UPTOWN — The redevelopment of the former Wilson Men’s Hotel building in Uptown has begun, with its new owners working to turn the former single-room occupancy building into micro-apartments.
Early this month, developer City Pads started on renovations to the Wilson Men’s Hotel, 1124 W. Wilson Ave.
The project will be called Wilson Club, and it will hold 76 micro-units and ground-floor retail. Of the 76 apartments, 15 will be considered affordable, said Clint Sabin, a spokesperson for the developer.
Rents for the market-rate units, which will be between 250 to 400 square feet, will start at about $1,000, Sabin said.
Work on the building was slated to begin last fall, but delays in permitting caused work to be pushed back until this month, City Pads said in an update to neighbors. City Pads bought the building for $3 million in July 2017, Cook County property records show.
The sale of the building did not sit well with some tenants of the Wilson Men’s Hotel and housing advocates. At the time of the sale, 147 residents had to find alternative housing.
Single-room occupancy buildings like the Wilson Men’s Hotel offer cheap housing to tenants who have struggled with homelessness, have disabilities or are on fixed-incomes. Before the sale of the Wilson Men’s Hotel, rent was $80 a week.
In Uptown and other North Side neighborhoods, such housing has become increasingly rare, as developers have bought up the often-derelict buildings and rehabbed them before increasing rents.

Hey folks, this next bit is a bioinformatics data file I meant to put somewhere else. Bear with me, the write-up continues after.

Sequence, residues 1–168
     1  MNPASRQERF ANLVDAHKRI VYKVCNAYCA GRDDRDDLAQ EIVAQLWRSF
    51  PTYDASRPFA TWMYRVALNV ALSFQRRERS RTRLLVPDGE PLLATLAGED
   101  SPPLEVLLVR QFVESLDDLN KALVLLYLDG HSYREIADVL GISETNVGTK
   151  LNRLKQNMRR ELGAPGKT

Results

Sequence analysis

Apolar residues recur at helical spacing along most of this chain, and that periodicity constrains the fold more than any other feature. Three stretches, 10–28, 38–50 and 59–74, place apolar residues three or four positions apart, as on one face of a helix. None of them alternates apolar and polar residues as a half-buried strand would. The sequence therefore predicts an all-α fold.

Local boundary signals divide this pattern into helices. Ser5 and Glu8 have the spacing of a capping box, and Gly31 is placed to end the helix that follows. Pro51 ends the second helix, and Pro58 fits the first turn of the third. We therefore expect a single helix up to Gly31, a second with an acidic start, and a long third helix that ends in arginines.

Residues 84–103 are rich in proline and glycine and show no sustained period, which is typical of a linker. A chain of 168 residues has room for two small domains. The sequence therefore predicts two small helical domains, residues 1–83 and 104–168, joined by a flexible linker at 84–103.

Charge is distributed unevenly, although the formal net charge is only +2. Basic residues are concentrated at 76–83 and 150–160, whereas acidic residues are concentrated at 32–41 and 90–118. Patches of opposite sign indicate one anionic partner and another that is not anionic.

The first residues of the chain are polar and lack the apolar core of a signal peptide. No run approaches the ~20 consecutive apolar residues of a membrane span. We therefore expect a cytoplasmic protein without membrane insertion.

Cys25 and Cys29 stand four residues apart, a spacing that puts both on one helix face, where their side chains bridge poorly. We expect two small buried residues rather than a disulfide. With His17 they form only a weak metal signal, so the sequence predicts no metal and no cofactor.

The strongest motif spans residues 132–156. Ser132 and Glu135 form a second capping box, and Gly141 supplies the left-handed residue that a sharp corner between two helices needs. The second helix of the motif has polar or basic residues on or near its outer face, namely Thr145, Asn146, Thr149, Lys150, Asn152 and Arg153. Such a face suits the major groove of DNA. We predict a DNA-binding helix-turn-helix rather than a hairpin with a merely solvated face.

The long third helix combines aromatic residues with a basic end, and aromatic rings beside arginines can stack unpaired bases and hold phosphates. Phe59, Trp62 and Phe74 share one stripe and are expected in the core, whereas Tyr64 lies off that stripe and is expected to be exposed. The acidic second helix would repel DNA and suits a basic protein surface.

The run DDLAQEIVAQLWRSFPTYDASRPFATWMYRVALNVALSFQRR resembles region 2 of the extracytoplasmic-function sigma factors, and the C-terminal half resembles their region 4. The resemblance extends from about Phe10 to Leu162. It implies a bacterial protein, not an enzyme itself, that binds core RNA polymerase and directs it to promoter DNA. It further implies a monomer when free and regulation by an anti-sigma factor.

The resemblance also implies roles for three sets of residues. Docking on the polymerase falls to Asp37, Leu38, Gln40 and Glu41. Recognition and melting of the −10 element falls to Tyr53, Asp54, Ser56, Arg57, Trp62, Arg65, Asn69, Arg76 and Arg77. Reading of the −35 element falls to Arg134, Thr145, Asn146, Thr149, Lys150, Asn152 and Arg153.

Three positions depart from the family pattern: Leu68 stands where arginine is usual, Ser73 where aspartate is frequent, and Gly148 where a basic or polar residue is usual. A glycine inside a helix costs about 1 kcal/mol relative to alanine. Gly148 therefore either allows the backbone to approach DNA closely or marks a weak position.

City Pads hired a team of social workers to help the Wilson Men’s Hotel tenants find alternative housing that fit their unique needs, the company said. By November 2018, all former residents found new housing, the company said at the time. Two of the 147 residents refused all assistance offered by the developer, it said.
Some of the former residents of the Uptown Men’s Hotel were living in “deplorable” conditions due to a lack of maintenance by its previous owner, Sabin said.
The roof was failing and was being held up by chicken wire in some cases, and half of the building’s shared bathrooms were non-functional, he said. The hotel has failed more than two dozen building inspections since the 1990s, including four consecutive inspections in 2016 and 2017, according to city records.
The first order of business at the work site is to remove the remainder of the old roof and prep for a new one, Sabin said. Scaffolding will remain around the building for some time. An estimated completion date for the project is still “uncertain,” he said.
There will be a lottery for former Wilson Men’s Hotel residents who are interested in returning to the rehabbed building, City Pads says on its website.
City Pads also renovated another former SRO building in Uptown now known as 851 Montrose. That building’s 60 total units, including 18 affordable units, are fully occupied, according to the developer.
With 33 affordable units included in 851 Montrose and the Wilson Men’s Hotel redevelopment, City Pads will have added more affordable housing to Uptown than any other developer in recent years, according to Sabin.
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